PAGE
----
Woman Redwood, Jill


Written by Judy Lambert (edited from blogs prepared by Jane Elix), Australian National University

Jill Redwood was born in Melbourne in 1954, the younger of two children in a family that was neither political nor involved in community activism of any kind. She attended co-educational public schools, where she developed an early interest in animal welfare. In high school she participated in anti-Vietnam marches and after graduating she became an active member of Friends of the Earth.

Jill's first work was in laboratories at CSIRO animal health then at ICI, where she worked on agricultural pesticides. In her early twenties Jill decided to shun society and honed the skills needed to largely live independently from 'the big city machine'. While living at Buldah in East Gippsland during the early 1980s, Jill became aware of the impacts of logging activities around her. After her home was burned out in bushfires in 1983, Jill worked on construction crews in the Snowy Mountains National Park, where she became a leading hand despite gender-based resistance from her bosses. This work enabled Jill to save the money to purchase her 22 acre property in Goongerah, where she built a house and has lived for the past 30 years.

In Goongerah, Jill became involved in the group Concerned Residents of East Gippsland - the beginnings of her environmental activism. Faced with challenges from the local media, personal attacks and efforts to discredit her leadership, the group made limited progress in achieving its desired outcomes through working with science, emotion, the media or economics. In 2010, renamed Environment East Gippsland, the group took legal action to stop government-owned VicForests from logging the old growth forests of Brown Mountain Creek. The successful case was a landmark decision for public interest litigation.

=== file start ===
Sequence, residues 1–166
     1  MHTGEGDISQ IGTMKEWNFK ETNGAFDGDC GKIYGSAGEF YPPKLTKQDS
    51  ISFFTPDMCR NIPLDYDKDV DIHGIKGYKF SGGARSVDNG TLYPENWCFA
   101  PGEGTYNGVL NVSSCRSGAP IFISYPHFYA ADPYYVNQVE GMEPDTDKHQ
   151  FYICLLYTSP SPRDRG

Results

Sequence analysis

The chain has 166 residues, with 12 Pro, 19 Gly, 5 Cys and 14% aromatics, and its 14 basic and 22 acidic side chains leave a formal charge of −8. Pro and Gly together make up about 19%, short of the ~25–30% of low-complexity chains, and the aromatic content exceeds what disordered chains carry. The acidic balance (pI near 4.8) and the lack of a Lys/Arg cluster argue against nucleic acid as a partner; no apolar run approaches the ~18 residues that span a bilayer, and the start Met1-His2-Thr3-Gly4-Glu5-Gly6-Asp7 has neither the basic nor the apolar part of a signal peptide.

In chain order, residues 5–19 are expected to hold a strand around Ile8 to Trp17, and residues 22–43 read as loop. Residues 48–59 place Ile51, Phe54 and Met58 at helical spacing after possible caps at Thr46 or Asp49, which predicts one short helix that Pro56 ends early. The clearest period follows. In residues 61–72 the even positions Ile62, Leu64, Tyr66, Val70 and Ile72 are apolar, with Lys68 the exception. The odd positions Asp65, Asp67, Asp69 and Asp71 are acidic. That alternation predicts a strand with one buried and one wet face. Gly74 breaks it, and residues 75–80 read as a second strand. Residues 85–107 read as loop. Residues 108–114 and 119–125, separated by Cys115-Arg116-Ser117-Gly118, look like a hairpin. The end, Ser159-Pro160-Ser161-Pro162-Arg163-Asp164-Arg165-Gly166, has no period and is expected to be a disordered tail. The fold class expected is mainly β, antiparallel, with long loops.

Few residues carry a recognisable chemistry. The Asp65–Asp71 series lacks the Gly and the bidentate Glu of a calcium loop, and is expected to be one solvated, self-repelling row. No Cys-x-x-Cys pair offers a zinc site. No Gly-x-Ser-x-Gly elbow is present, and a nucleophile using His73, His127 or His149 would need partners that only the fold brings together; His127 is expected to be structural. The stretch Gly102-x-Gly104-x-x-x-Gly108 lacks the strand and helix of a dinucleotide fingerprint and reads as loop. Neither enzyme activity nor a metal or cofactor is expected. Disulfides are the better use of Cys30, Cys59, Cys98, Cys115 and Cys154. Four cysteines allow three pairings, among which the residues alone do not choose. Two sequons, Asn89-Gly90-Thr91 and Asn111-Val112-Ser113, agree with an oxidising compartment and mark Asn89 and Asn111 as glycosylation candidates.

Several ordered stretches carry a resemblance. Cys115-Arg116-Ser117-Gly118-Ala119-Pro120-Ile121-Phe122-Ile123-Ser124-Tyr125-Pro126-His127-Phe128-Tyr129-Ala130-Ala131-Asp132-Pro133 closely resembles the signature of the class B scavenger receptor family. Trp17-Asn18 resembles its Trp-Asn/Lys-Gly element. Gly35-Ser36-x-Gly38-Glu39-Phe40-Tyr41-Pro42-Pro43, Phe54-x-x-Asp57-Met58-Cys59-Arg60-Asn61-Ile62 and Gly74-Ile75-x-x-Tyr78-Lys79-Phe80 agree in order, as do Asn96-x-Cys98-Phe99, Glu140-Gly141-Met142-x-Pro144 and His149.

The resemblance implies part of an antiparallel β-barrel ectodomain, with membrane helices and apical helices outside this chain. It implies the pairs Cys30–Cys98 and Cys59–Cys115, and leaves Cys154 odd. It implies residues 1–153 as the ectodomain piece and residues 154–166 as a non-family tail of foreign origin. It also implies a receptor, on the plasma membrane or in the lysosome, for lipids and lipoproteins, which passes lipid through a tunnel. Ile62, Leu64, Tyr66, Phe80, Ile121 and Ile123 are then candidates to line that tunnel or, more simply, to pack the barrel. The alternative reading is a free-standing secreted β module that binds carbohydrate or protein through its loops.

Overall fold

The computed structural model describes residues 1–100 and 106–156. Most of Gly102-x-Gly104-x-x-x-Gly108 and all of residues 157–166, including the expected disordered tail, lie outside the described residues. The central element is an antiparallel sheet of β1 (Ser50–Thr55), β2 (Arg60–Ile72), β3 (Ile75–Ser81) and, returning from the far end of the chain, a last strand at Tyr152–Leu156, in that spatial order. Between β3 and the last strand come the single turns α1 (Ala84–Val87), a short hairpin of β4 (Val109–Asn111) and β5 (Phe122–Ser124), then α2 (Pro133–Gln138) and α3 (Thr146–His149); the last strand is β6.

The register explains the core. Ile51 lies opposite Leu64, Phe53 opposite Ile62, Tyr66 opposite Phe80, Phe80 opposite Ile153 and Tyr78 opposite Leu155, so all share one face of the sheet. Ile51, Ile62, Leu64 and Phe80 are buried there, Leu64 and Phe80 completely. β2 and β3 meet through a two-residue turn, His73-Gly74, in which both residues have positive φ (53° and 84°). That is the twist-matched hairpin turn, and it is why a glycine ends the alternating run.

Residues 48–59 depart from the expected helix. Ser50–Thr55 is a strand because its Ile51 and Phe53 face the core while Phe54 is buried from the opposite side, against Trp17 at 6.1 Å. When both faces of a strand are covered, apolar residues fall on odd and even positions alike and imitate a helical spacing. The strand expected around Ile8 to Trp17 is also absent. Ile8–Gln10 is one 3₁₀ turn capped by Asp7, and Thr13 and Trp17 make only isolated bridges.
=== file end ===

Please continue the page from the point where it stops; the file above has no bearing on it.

While Jill sees herself as more battle-scared and cynical than in her early days, she relies on her like-minded friends to be her wider 'family' and support base. She is now mainly self-employed, living a humble life, working as a freelance writer and cartoonist, and receiving a small honorarium from Environment East Gippsland. She has also built a tourist eco-cottage on her property, which brings in some income.

Asked about differences between men and women as leaders in the environment movement, Jill says a lot of men have big egos, but that it is often the women who are the driving force, doing work behind the scenes and persevering. She laments that women are only taken as seriously as men if they have a persona which is confident and authoritative and opines that men get away with a lot more because they present as 'the absolute authority'. While Jill looks forward to retirement, her natural and strong sense of outrage against injustices, of which there are many, will likely see her always involved in something.

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Digital Resources

Jill Redwood at Goongerah
Audio Visual
28 October 2011